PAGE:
The air is laden with clouds and light rain, the most common weather in this part of Oregon. I am getting closer to St. Paul, about an hour outside of Portland, passing roadside produce stands and fields of peppers and corn. My destination is Owen Roe Winery, a boutique winery that sources grapes from Washington and Oregon to make artisanal wines with wide Texas distribution through Glazers. Texas broker Chuck Weintraub suggested I visit them during my trip to the Pacific Northwest, as he sensed I would be drawn in by the location and his longtime friend, winemaker and former Dallasite Aaron Berlin.
The winery is tucked away with a small black and white sandwich board of a sign. I am introduced to Aaron upon my arrival.
“So you’re coming from Dallas?” Aaron asks rhetorically. “You look like you’re straight out of the Pacific Northwest.”
I scratch my chin, my face unshaven after three days at my college reunion in Walla Walla. “Yep,” I remarked. “Texans don’t know what to make of me, because most of them I know don’t make it up to the Pacific Northwest.”
We walk toward an alcove with a table of wines to taste. When he pours a glass of Kilmore Pinot Noir, I ask about the origins of the winery name. Named after Irish Gaelic soldier Owen Roe O’Neill, Irish owner David O’Reilly was inspired by O’Neill’s loyalty to his kin, a mindset he strives to utilize at his winery. Aaron describes examples of this generosity, such as the opportunity for staff to make their own wine using the facilities, and lunch prepared by an on-site chef each day for staff and visitors.
We taste the remaining wines, ending with the recent release of 2010 Sinister Hand, a Grenache-based blend that shows with a restrained and juicy gentleness, just emerging from its shell with youthful vigor. He asks if I want another glass of something before he shows me the production facilities, and I revisit the Kilmore Pinot Noir.
“I’m excited you like that one so much,” he remarks. “I was nervous about this vintage…”
We remove bungs from barrels of white wine, mostly chardonnay. The odor is initially overwhelming, an ammonia that numbs my entire palate for the glass of wine in my hand. Intense aromas of banana, overripe mango, and passion fruit come through, manifesting themselves restrainedly together in the bottle, free of lees and wood, when we return to taste some newly opened bottles from the production facility.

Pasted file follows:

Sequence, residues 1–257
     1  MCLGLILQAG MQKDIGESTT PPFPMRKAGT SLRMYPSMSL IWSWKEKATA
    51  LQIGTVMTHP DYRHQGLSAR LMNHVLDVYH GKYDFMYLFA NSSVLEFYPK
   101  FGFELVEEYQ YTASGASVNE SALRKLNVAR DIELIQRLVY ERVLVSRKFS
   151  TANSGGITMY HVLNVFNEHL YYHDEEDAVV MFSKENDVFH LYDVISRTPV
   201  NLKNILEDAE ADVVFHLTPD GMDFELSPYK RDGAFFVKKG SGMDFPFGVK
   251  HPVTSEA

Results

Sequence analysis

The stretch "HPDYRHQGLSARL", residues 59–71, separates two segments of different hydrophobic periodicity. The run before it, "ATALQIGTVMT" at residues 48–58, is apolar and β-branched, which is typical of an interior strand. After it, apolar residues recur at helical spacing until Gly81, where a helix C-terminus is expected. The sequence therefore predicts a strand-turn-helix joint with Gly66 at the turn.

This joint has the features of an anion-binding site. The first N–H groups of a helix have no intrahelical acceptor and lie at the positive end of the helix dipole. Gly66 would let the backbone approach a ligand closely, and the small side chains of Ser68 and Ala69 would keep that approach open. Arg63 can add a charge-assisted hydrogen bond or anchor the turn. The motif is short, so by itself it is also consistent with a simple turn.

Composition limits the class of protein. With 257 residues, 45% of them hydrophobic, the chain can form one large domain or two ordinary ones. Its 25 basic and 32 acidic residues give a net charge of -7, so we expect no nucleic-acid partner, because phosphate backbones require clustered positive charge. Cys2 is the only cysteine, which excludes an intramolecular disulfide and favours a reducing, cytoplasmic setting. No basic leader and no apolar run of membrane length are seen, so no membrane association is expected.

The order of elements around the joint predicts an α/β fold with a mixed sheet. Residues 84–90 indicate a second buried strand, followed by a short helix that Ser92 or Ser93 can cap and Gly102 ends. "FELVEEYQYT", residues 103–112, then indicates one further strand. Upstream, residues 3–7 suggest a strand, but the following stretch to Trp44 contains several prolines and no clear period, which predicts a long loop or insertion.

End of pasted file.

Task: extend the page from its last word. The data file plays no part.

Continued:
He shows me projects from former on-site chef Jesse Skiles, now crafting wines for his label Fausse Piste. One vat holds grapes macerating in their own juices, and another is equal parts Syrah and Viognier piled in individual layers as an experiment to see how separating them in such a way will affect the flavor. I taste raw viognier grapes, juicy syrah grapes, and somewhat more rough-skinned merlot, all of them sweeter than I would have predicted, hinting at the concentration that may come through as they ferment.
We hop in my rental car and drive ten minutes to one of their vineyards producing grapes that currently go into their Sharecropper Pinot Noir. Aaron is worried many of the grapes have been consumed by birds and pests, since they had not covered the vineyard with netting yet. He is pleasantly surprised when we arrive. The grapes are tart, not quite ripe, and few seem to have been lost to the unwanted predators.
We head back, and I taste the Sharecropper Pinot Noir with a lunch of pasta mixed with brussel sprouts, corn, and braised pork shoulder. I then head downstairs to speak with Aaron one last time before I depart. I ask him what prompted him to leave Dallas for Oregon and how he specifically became the winemaker at Owen Roe.
Unable to survive solely as a musician, he explained, he eventually took a job at specialty wine store Pogos and started reading some magazines about wine. “I thought ‘this is cool,” he said. “People drink good wine often; they eat well. I’d like to be a part of it.’ ” He left Dallas in 1998 and took a job at Argyle Winery for three years before securing his current position at Owen Roe. Though it took awhile to regain financial stability, he explained, “I’m happy now.” Twenty minutes passed quickly, and I shook hands with him and headed to the airport.
“So,” Chuck said as we took our seats at a table with Randal Grahm (of Bonny Doon Vineyards, the focus of my upcoming post), “how was Owen Roe? I bet it was nuts with production going on…”
“It was actually very laid back,” I responded. “A very casual visit.”
“I want to hear all about it.”
As I reach the end of this chronicle, I wonder what I can tell Chuck that will intrigue him so. My visit felt relaxed and everyday at its core, with no big surprises or monumental stories. Perhaps Aaron’s comment when we first met alludes to my slight confusion about what excites people so much. In all my college years living in wine country, many of the wineries do not lend themselves to tours, and merely want to produce good wine and sell it all on-site. Owen Roe is an exception insofar as their wines have wider exposure, yet their facility feels like a departure from their unique packaging. The winery and its team are a no frills bunch simply trying to get the most out of what they do, and bring that same spirit to one another, day by day. Perhaps this mentality seems natural to me, but may be more unusual than I realize.